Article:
Bolsonaro v. the world

. Aug 23, 2019
Bolsonaro v. the world at&t

Good morning! The international pressure on Brazil following the rise of Amazon fires. Brazil to leave peacekeeping task force in Lebanon. Will the AT&T merger with Time Warner pass in Brazil? (This newsletter is for platinum subscribers only. Become one now!)

Bolsonaro v. the world

Yesterday, French President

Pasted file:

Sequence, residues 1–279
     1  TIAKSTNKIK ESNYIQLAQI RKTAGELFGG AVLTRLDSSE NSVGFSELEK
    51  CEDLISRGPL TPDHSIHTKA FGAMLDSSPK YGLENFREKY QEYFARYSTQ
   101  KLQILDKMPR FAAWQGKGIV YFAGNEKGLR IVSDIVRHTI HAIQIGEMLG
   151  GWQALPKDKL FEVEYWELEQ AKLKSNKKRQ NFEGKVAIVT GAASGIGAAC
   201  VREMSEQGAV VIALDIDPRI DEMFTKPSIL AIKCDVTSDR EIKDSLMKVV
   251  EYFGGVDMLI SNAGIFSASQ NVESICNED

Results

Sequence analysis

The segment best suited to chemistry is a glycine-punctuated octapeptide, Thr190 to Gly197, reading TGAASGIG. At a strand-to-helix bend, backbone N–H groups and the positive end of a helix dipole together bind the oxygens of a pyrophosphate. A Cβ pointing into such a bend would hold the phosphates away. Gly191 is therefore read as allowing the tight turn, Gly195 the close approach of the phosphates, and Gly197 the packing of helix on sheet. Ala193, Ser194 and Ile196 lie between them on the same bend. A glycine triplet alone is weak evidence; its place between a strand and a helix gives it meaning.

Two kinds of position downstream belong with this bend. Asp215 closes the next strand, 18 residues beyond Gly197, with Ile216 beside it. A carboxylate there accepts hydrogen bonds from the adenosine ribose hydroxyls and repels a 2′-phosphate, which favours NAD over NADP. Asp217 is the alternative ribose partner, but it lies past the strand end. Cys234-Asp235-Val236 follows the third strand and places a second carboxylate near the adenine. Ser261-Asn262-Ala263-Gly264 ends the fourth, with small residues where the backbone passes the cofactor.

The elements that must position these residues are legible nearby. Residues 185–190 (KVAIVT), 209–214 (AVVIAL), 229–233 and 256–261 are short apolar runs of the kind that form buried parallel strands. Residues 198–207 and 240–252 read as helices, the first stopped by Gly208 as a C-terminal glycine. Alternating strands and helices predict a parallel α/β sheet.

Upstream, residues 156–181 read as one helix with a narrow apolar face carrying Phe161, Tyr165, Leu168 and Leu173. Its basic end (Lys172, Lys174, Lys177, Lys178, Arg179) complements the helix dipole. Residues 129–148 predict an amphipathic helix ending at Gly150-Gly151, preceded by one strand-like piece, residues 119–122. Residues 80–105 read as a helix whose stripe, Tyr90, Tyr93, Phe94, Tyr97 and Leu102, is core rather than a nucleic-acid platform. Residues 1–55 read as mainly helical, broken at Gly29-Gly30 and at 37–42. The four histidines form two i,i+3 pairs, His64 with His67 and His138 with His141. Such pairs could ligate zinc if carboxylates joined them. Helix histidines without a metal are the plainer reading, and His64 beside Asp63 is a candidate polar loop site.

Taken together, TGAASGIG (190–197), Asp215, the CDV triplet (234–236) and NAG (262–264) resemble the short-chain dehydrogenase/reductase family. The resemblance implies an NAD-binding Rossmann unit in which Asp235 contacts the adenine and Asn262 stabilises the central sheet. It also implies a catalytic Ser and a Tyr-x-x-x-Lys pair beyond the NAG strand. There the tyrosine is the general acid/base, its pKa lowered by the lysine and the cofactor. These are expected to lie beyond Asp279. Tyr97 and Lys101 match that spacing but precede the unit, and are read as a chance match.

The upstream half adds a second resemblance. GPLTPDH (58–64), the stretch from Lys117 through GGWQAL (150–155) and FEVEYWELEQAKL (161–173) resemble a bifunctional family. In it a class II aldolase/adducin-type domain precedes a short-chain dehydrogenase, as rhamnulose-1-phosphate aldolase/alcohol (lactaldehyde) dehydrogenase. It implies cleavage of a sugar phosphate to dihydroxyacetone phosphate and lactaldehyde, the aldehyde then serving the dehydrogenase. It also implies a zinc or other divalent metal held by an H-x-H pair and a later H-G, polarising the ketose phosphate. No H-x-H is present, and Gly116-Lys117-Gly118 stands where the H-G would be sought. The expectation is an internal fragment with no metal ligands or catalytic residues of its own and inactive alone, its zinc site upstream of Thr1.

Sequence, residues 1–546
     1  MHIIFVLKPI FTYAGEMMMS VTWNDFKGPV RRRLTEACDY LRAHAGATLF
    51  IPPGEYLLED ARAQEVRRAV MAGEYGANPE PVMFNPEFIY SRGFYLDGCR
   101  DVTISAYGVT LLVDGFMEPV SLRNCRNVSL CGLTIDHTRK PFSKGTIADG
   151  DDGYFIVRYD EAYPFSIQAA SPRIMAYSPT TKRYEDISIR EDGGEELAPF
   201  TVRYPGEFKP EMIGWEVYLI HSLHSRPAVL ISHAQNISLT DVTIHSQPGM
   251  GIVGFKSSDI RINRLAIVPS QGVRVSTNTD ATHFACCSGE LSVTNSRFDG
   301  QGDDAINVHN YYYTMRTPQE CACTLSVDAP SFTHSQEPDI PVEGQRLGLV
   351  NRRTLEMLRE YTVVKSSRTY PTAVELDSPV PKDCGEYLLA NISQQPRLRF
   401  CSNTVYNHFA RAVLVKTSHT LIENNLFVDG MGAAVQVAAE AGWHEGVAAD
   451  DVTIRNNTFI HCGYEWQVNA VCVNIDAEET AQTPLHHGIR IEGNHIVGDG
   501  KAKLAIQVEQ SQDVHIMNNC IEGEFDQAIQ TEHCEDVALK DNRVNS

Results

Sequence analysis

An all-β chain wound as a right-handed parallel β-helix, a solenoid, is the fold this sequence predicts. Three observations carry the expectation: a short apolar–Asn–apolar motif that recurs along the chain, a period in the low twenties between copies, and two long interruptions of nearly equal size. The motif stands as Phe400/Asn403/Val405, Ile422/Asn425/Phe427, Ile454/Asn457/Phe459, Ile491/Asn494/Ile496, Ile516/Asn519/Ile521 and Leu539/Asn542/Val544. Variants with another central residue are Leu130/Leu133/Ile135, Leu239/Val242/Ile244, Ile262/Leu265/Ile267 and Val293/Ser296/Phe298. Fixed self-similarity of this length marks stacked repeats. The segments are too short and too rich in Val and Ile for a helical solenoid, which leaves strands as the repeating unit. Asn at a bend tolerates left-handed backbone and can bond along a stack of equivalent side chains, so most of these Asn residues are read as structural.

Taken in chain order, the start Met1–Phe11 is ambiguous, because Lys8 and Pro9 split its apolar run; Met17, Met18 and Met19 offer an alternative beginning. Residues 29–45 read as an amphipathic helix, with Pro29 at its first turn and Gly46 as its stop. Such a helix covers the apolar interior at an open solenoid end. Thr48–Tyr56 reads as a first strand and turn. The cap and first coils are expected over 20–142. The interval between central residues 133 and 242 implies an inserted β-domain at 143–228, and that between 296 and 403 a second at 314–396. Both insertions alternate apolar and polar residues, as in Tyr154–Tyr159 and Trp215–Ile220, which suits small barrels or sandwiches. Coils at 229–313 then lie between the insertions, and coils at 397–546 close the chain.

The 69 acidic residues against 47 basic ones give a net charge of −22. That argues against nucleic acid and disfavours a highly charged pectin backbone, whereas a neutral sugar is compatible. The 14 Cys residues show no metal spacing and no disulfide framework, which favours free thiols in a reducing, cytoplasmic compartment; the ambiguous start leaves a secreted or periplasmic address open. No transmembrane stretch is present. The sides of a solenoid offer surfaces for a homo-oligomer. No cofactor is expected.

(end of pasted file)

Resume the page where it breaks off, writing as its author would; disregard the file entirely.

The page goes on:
Emmanuel Macron called the spike in Amazon fires an &#8220;international crisis,&#8221; asking for the subject to be at the center of discussions when the G7 meets this weekend. He was seconded by Canadian Prime Minister Justin Trudeau, and several world leaders and celebrities (who are capable of giving visibility to the matter). On Twitter, calls for boycotts to Brazilian products began gaining momentum—and worrying Brazilian agricultural producers.</p> <p><strong>Why it matters.</strong> France has already made it clear that it won&#8217;t easily support the ratification of the Mercosur-EU trade deal, and environmental issues appear to be the red line set by Mr. Macron. Even if U.S. President Donald Trump is a climate change denier and a friend of Mr. Bolsonaro&#8217;s, actions from Europe could severely harm Brazil&#8217;s agribusiness—and could cost the president an important support base.</p> <p><strong>Protests.</strong> Demonstrations against the Brazilian government have been scheduled for today in at least eight Brazilian cities and six international capitals.</p> <p><strong>Actions.</strong> After international backlash, Mr. Bolsonaro decided to create a &#8220;crisis cabinet&#8221; to deal with environmental issues—its first meeting will take place today. Still, the government believes that most of the criticism is unwarranted and part of an international agenda to diminish Brazil&#8217;s sovereignty in the Amazon region. Congressman Eduardo Bolsonaro, the president&#8217;s son, shared a video on social media in which Mr. Macron is called an &#8220;idiot.&#8221;</p> <p><strong>Risk?</strong> The 73rd episode of the Explaining Brazil podcast talks about what could happen should international superpowers decide to intervene in environmental matters. Guest: Harvard professor Stephen Walt.</p> <script src="" type="text/javascript" charset="utf-8"></script> <hr class="wp-block-separator"/> <h2>Brazil should abandon Lebanon peace force</h2> <p>The Brazilian government has reportedly decided to no longer command the maritime task force of the United Nations Interim Force in Lebanon, a position the country had held since 2011. Budget cuts were a key factor—but people close to the task force leaders say President Bolsonaro&#8217;s decision to list Hezbollah as a terrorist organization made dialogue more difficult. The group is an important political party in Lebanon and part of the Lebanese coalition government.</p> <p><strong>Why it matters.</strong> Over the past decade, Brazil lost most of its influence on the global stage, with a decreasing diplomacy budget, successive political and economic crises—and now the negative repercussions of its lax environmental policy. Being part of (and leading) peacekeeping missions is a way of showing the global community Brazil wants to have a bigger stake in global affairs. As Brazil&#8217;s Armed Forces say, it&#8217;s about &#8220;projecting power.&#8221;</p> <p><strong>Israel.</strong> Another factor that makes Brazil&#8217;s presence in Lebanon unwanted is Mr. Bolsonaro&#8217;s proximity to Israeli Prime Minister Benjamin Netanyahu. Before 2019, Brazil was seen as an important mediator due to its historical neutrality on the Israel-Palestine conflict.&nbsp;</p> <hr class="wp-block-separator"/> <h2>Will the AT&amp;T -Time Warner deal go through in Brazil?</h2> <p>Brazil&#8217;s telecommunications regulator Anatel has postponed its decision on the AT&amp;T -Time Warner <a href="">merger</a>. A decision is expected to be made early in September. Current legislation forbids companies from owning simultaneous majority stakes in content producers and broadcasters. AT&amp;T controls the Sky broadcasting group in Brazil, whereas Time Warner owns channels such as HBO, CNN, and Cartoon Network, among others.</p> <p><strong>Why it matters. </strong>Congressman Eduardo Bolsonaro is lobbying hard to get the deal approved. As a matter of fact, the deal wasn&#8217;t even supposed to be debated by Anatel yesterday—it was included on the agenda after Mr. Bolsonaro paid a visit to the regulatory agency. He is reportedly following a personal request from U.S. President Donald Trump.</p> <p><strong>What experts say.</strong> Anatel&#8217;s technical area has positioned itself against the deal—saying it is a clear violation of Brazil&#8217;s current legislation. The case&#8217;s rapporteur (who met with Mr. Bolsonaro this week) said that the deal could go through, as Warner Media is not based in Brazil. Meanwhile, there are at least five bills in Congress which aim at lifting barriers on vertical consolidation by telecommunications companies.</p> <hr class="wp-block-separator"/> <h2>What else you need to know today.</h2> <p><strong>Polls.</strong> Three years early, weekly magazine <em>Veja</em> published the first set of polls for the 2022 election. It shows Jair Bolsonaro, with 35% of voting intentions, way ahead of the competition. It also shows Justice Minister Sergio Moro as a strong candidate, with 27% of voting intentions (in a scenario that doesn&#8217;t include the president). While it is awfully early to predict the 2022 race, the poll shows that Mr. Bolsonaro&#8217;s controversial persona has been able to keep supporters galvanized.</p> <p><strong>Pension reform. </strong>Senator Tasso Jereissati, the pension reform&#8217;s rapporteur in the upper house, was expected to present his report today at the Constitution and Justice Committee. However, he has asked for more time. That could delay the entire timetable by a few days at least. Mr. Jereissati didn&#8217;t say when exactly he will present the report.</p> <p><strong>Who&#8217;s the boss?</strong> The crisis within the Federal Police shows how much Justice Minister Sergio Moro has lost prestige. After promising to give full autonomy to the Federal Police, President Bolsonaro is strong-arming his cabinet minister by attempting to personally appoint the next head of the force in Rio de Janeiro—saying that the Federal Police boss could also be sacked should he resist the interference. &#8220;If I [fire him] today, what would be the problem? The law says <em>I</em> appoint him, not Sergio Moro. Period.&#8221;</p> <p><strong>Currency.</strong> No other currency in the emerging world lost as much value against the U.S. Dollar yesterday than the Brazilian Real. During the morning, the BRL had a timid rise, thanks to the Central Bank&#8217;s auction of USD on the spot market, but the trend was quickly reversed. The USD closed the day at BRL 4.078 (+1.19%). Meanwhile, the São Paulo stock market index was also down, by 1.18%.</p> <p><strong>Biofuels.</strong> Brazil&#8217;s corn ethanol production should reach 1.35bn liters in the 2019–2020 harvest, per estimates of the National Supply Company (Conab). If confirmed, that will represent a 70% bump from the previous harvest. Meanwhile, sugarcane ethanol production, while still elevated, should go down 6%—to around 30bn liters.